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There is no doubt the America’s Cup brings waves of pleasure to many New Zealanders.
We revel in excitement and pride. We surge with nationalism, even though the team is a business as is the nature of professional sport these days.
At least, a large proportion of us do. Some “hate” the Cup as exemplifying rich, white men playing with fancy toys. For others, the Cup simply has little relevance.
But America’s Cup becomes New Zealand’s Cup for large numbers in this country when the racing itself begins. “Team New Zealand” is our team, whether we live in Dunedin, Dannevirke or Duntroon.
Television ratings surge, and everyone quickly becomes armchair experts in the intricacies of yachting. A band of sailors become our standard-bearers, our gladiators.
Little young New Zealand battles against those billionaires from across the ocean and their flags of convenience.
There is an extra swell of support, as well as benefit to this country, when the Cup is defended in Auckland.
At the same time, additional justification is made for the many millions of public money contributed to the campaigns — international exposure, facilities for the future, boosts for the yacht-building industry, high-tech development, high-worth visitors and a hoist in the nation’s reputation.
Dunedin’s Octagon thronged with people and overflowed with excitement when the America’s Cup was won in 1995. Thousands also turned up for a Dunedin parade on a drizzly day in 2017.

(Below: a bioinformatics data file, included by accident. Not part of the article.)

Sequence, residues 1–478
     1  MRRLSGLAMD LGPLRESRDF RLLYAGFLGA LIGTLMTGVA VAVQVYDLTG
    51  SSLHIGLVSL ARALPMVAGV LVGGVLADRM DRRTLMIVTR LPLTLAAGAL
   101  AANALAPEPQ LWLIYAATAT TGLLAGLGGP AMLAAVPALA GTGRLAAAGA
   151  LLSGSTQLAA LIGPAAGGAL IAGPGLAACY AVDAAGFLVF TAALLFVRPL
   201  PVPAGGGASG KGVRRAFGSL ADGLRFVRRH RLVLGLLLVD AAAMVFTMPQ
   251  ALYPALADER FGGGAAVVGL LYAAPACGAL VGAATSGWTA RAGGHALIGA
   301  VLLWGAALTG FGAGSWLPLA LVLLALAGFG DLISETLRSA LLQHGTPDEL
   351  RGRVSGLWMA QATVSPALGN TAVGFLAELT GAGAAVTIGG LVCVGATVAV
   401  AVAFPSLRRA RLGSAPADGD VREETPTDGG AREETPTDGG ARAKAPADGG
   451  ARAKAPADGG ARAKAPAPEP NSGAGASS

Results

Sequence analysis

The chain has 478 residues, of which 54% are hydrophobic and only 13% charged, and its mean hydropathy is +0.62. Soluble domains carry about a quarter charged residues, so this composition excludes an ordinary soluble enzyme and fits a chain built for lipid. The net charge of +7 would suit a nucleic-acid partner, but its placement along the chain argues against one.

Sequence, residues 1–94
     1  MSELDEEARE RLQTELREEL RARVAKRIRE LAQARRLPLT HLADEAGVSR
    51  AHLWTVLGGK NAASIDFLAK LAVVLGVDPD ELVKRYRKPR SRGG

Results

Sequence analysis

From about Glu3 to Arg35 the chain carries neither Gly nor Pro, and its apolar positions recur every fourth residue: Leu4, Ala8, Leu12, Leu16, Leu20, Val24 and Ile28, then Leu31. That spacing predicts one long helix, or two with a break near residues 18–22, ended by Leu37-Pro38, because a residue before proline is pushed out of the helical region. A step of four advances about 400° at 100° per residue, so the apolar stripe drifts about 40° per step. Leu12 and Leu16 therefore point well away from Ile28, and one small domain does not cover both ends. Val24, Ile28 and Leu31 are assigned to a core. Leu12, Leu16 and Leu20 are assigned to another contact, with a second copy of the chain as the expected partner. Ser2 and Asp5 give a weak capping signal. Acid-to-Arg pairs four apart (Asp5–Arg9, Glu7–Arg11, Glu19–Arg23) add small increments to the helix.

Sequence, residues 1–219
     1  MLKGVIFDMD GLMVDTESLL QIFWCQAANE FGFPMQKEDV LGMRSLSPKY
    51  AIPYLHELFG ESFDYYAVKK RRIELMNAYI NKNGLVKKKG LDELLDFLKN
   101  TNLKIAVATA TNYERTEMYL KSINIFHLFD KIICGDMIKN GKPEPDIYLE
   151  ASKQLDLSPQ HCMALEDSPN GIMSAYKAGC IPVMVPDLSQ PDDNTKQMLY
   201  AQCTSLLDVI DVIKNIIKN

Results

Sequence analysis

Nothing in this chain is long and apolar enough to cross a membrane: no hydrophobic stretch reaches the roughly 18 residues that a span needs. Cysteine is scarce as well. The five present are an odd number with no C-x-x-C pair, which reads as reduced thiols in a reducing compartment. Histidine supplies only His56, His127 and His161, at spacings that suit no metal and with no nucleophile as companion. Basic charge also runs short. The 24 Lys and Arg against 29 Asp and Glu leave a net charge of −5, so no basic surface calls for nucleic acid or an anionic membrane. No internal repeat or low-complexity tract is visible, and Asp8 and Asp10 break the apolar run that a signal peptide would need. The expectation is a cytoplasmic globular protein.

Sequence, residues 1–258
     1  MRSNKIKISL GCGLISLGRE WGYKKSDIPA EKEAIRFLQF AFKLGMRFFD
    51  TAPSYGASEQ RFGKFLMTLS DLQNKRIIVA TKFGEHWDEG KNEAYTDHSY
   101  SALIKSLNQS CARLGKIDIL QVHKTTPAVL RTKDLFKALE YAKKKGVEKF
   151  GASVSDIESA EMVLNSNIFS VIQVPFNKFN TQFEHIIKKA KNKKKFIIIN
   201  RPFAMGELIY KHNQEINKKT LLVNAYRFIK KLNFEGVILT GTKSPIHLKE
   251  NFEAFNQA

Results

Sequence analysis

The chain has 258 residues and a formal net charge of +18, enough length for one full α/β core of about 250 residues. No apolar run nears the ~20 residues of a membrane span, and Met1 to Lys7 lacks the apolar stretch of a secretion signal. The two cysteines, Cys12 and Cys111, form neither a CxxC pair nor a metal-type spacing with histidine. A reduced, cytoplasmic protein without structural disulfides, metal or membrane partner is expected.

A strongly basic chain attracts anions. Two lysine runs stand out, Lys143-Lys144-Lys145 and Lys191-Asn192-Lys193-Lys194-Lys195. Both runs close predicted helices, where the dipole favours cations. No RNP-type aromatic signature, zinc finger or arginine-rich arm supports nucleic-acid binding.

This is the understanding that underlines the Government’s and Auckland City Council’s commitment to back Team New Zealand with tens of millions of dollars.
They know the value of “feel-good”. They know how important “circuses” are in entertaining the masses, just as the Romans did.
But they also know the need for financial balance, the requirement for restraint.
Prime Minister Jacinda Ardern and her Government are capable of missteps and misreading the mood. The elaborate Auckland bike and walking bridge plan, estimated to cost $685 million and announced last month, hit road spikes of public scorn.
At a time when much-loved nurses are using their industrial power to demand better conditions and salaries, the proposal appears to extravagantly pander to the well-off cyclists of the North Shore.
Generally, though, Ms Ardern and the Government reads the weathervanes of public opinion cleverly, no doubt also taking note of Labour’s private polling of the populace.
The Government certainly needed its wits in the America’s Cup negotiations with the canny and forceful Team New Zealand head Grant Dalton.
Together with the Auckland Council, the Government has come up with almost $100 million in cash and “kind” to keep the cup defence in Auckland.
Mr Dalton says twice that is needed. After the period of exclusive negotiation in New Zealand, the team is beginning negotiations with other cities on where the defences might be held and on what shape these might take.
Ms Ardern said the “best” offer has been made.
The figure is about right. We believe she will have the backing of a majority of New Zealanders for about that level but not for more. There must be limits, even in a time when Government money seems relatively loose.
A line must be drawn in the sand when thousands of New Zealanders are in emergency housing, when social problems and spending cries are as common as white-capped waves on a stormy day, when the Government knows it needs to endeavour to preach constraint.
If that means Team New Zealand sails away, so be it.
We might glory every few years in the successes and revel in the tension of the racing. We might enjoy the circuses our government helps provide. But, after all is said and all is done, the America’s Cup is but a contest and a business.
Support does not come at any cost.